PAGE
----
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I got into an unfortunate situation, involving fractions that can get changed by evaluation, which occur as (part of) keys in my associations. I will probably steer far away from the entire situation, mostly because of the following quote.

In this answer, with respect to evaluation of keys in associations, Taliesin tells us

Wrap the entire key in Hold, if you really want to keep things that might evaluate in the keys of an association (HoldPattern is a red herring: keys aren't patterns). Alternatively use ToString. But generally this just sounds like a dangerous and confusing game to play, to me.

Strange Example

Anyway, I would still like to know what exactly could be going on in the following example. The evaluations in this question were executed using version 10.3.

assoc = Association[];
assoc[1/2] = "rational?";
assoc[Rational[1, 2]] = "rational exposed";
assoc[Unevaluated@Rational[1, 2]] = "rational unevaluated";
(*FF is short for FullForm*)
assoc[Unevaluated[1/2]] = "big FF";

Note that in the following evaluation, the first two expressions have the same FullForm, so of course they should evaluate in the same way. Perhaps nothing seems strange yet

assoc[[Unevaluated@Key[1/2]]]
assoc[[Unevaluated@Key[Times[1, Power[2, -1]]]]]
assoc[[Unevaluated@Key[Rational[1, 2]]]]
assoc[1/2]
"big FF"
"big FF"
"rational unevaluated"
"rational exposed"

However, it seems there are two expressions with the same FullForm in the same association. Here are the InputForm and FullForm of the key-value pairs.

List @@@ Hold @@ KeyValueMap[Hold, assoc2] // InputForm
Hold[{1/2, "rational exposed"}, {Rational[1, 2], "rational unevaluated"},
 {1/2, "big FF"}]
List @@@ Hold @@ KeyValueMap[Hold, assoc2] // FullForm
Hold[List[Rational[1,2],"rational exposed"], List[Rational[1,2],
 "rational unevaluated"], List[Times[1,Power[2,-1]],"big FF"]]

Note that 1/2 evaluates to Rational[1,2]. It can be shown with another test that the definition corresponding to "rational exposed" has overwritten the one corresponding to "rational?".

My best guess for explaining this: Possibly the internal representation of integers is different when we enter the expressions in these different ways.

Question: What can explain this example?

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  • $\begingroup$ Fortunately, the analogue for functions with DownValues works correctly. $\endgroup$ – Jacob Akkerboom Nov 4 '15 at 14:16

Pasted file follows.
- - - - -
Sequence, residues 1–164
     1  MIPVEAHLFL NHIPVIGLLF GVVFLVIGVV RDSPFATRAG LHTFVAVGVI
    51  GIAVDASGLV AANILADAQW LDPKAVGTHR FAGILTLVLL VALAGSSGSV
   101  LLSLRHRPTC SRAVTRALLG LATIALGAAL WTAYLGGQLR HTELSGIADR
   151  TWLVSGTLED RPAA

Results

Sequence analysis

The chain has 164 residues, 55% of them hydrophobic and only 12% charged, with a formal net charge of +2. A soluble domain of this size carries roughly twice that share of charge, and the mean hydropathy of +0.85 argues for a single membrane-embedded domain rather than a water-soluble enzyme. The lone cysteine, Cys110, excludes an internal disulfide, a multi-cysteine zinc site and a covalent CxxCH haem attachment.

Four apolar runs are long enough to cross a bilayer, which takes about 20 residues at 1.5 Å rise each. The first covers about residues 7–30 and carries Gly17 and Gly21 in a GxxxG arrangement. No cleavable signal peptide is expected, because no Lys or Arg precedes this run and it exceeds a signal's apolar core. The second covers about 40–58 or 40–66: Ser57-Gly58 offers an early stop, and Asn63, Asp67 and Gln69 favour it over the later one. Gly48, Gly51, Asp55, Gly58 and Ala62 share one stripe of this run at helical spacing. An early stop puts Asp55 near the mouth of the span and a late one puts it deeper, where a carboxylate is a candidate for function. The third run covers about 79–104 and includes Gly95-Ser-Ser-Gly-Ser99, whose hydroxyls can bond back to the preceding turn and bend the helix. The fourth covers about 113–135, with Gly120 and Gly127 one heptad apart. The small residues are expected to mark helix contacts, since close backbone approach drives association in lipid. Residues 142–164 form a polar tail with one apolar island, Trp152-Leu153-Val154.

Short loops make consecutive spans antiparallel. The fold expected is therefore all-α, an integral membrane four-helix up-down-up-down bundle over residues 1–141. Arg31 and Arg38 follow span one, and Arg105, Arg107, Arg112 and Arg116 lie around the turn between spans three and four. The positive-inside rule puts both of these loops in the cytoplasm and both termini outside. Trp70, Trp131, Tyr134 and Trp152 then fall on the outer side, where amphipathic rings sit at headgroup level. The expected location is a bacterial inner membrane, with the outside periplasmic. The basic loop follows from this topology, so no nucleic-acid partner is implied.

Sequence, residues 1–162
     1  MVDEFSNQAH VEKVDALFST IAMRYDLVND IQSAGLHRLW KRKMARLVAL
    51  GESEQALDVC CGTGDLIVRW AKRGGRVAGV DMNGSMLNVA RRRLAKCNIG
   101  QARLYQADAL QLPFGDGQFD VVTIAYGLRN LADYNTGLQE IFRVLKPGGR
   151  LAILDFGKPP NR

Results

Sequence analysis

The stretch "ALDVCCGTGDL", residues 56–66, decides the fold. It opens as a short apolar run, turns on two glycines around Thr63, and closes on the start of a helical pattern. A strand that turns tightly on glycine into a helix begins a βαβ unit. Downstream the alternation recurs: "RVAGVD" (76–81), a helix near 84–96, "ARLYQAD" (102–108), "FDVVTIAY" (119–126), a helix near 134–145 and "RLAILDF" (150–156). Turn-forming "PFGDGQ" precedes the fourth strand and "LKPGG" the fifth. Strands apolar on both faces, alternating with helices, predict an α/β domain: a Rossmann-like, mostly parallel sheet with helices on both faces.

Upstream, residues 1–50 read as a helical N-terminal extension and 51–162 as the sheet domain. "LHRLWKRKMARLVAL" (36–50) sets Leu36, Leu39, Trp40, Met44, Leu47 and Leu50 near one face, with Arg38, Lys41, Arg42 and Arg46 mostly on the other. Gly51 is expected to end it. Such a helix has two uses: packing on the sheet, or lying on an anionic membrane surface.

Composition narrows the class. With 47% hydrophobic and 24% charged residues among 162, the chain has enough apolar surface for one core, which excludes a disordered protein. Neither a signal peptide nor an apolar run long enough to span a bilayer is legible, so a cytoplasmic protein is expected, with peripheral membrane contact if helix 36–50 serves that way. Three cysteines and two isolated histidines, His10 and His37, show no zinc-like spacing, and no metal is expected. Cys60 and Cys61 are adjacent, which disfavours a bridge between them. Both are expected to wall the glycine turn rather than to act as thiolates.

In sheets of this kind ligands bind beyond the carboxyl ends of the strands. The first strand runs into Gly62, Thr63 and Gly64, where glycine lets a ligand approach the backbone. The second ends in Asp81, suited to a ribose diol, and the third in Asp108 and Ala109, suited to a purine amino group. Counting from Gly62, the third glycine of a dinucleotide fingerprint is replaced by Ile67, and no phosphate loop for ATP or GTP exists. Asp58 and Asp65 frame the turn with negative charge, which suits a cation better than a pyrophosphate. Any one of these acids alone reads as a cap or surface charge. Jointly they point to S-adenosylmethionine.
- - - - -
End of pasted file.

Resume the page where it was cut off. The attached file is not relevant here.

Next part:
• $\begingroup$ FullForm /@ (1/2 // Trace)? $\endgroup$ – Michael E2 Nov 4 '15 at 14:24
  • $\begingroup$ obligatory question: what version of mathematica are you using? $\endgroup$ – rcollyer Nov 4 '15 at 14:41
  • $\begingroup$ @rcollyer I have included that information (10.3) in the question. Maybe things will change in the future, but maybe not, as Szabolcs shows that the behavior may not be so unreasonable. $\endgroup$ – Jacob Akkerboom Nov 4 '15 at 14:48
  • $\begingroup$ @JacobAkkerboom I would agree with that assessment. $\endgroup$ – rcollyer Nov 4 '15 at 15:03
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There are three keys:

<|1/2 -> "rational exposed", 
  Rational[1, 2] -> "rational unevaluated",
  1/2 -> "big FF"|>

Two of these look the same. The difference between "rational exposed" and "big FF" is made clear by FullForm, as you showed.

Then the question boils down to: What is the difference between "rational exposed" and "rational unevaluated"? They look the same in FullForm!

"rational exposed" is an atomic expression of type Rational. Even though its FullForm shows Rational[1,2], which looks compound, it is not.

"rational unevaluated" is a compound expression with three parts: Rational, 1 and 2. When given the chance, this will immediately evaluate to an atomic rational.

I discussed why atomic expressions have compound representation in this thread. In short: I believe it's to allow serialization. This way any expression can be passed through a MathLink connection (without needing to update MathLink every time a new kind of atomic type is introduces). Similarly, every expression will have a textual representation (input form) that looks like any other Mathematica expression.

In general, I believe it is best to avoid keeping these equivalent but distinct alternative forms unevaluated. To avoid problems, they should be allowed to evaluate to their final form (the atomic version). Otherwise just passing them through any alternative representation (e.g. exporting to a non-MX format or passing through MathLink, even internally!) will trigger conversions between forms and will induce weird problems.

In principle, the unevaluated form we get could even depend on how the expression is input. Things entered through the front end pass through a box representation, while things entered in terminal mode don't. There's no reason why in principle 1/2 could be directly parsed to either of the three forms you showed, without going through an additional evaluation step.

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